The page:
Fans of classic rock—and dysfunctional interpersonal dynamics—spent our post-Thanksgiving time peering into the inner workings of late-era Beatles in the eight-hour documentary Get Back, watching the band stagger in fits and starts toward their final concert and penultimate album. Though it may be a time capsule from half a century ago, the shambolic proceedings seem the perfect counterpart to pandemic life, too. We see the bandmates flourishing creatively one moment, bickering and bored the next. Throughout, there’s a pervasive sense that something that once held them together has been lost, something they’re trying to… well, get back.
Much of 2021 was consumed the world over by a desire to “get back” to pre-pandemic life, personally and professionally. At least within optometry, there are clear signs that’s happening.
This issue’s annual income survey shows that earnings bounced back from the low-water mark of 2020, as average income jumped from $160,000 last year to over $180,000 in 2021. As always, ODs who are self-employed fared the best, with an average income of nearly $250,000. Employed optometrists were down around $139,000, but still up from their 2020 numbers.
Encouragingly for a profession that is now majority female, the gender gap looks to be narrowing. In 2020, there was an abysmal 47% imbalance between the incomes of male and female optometrists. In 2021, that shrank to just 14%. The gains for women ODs showed up across the board, too, regardless of years of experience. And in perhaps a sign of things to come, female optometrists in the 11-20 years bracket actually out-earned their male counterparts, the first time such a finding showed up in our survey.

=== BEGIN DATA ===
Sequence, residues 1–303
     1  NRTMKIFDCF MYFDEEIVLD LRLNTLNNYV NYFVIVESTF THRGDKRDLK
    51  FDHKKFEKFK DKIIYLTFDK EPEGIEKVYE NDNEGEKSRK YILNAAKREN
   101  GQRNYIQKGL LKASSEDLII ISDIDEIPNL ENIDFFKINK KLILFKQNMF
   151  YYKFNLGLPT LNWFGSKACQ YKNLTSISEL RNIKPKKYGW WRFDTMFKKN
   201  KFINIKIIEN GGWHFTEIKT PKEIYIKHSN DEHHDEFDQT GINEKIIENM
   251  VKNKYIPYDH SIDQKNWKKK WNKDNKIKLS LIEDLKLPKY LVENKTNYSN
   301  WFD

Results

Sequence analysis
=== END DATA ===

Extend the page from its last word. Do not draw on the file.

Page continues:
Furthermore, a solid majority (70%) of everyone who replied felt satisfied with their 2021 earnings, and 68% expect their income to increase in 2022.
Another positive signal of optometry’s recovery is the much more robust plans for continuing education we saw while compiling this year’s Conference Planner supplement, a compendium of upcoming CE events we publish each December. There are over 260 meetings planned for 2022, and the vast majority will happen in person (some with a streaming component, too).
Despite new worries about COVID and intractable problems elsewhere in society, things are definitely looking up.
In the end, the Beatles never really got back the mojo that suffused their early, firing-on-all-cylinders days. But optometry at the tail end of 2021 has all the makings of a profession about to come roaring back. As the band themselves would say: I’ve got a feeling.
On a positive note for us, we’re excited to announce that Alison Bozung, OD, a rising star at Bascom Palmer and in the profession, has joined the Review editorial board. She’ll take over the Urgent Care column next month and will also make important contributions to our content development process.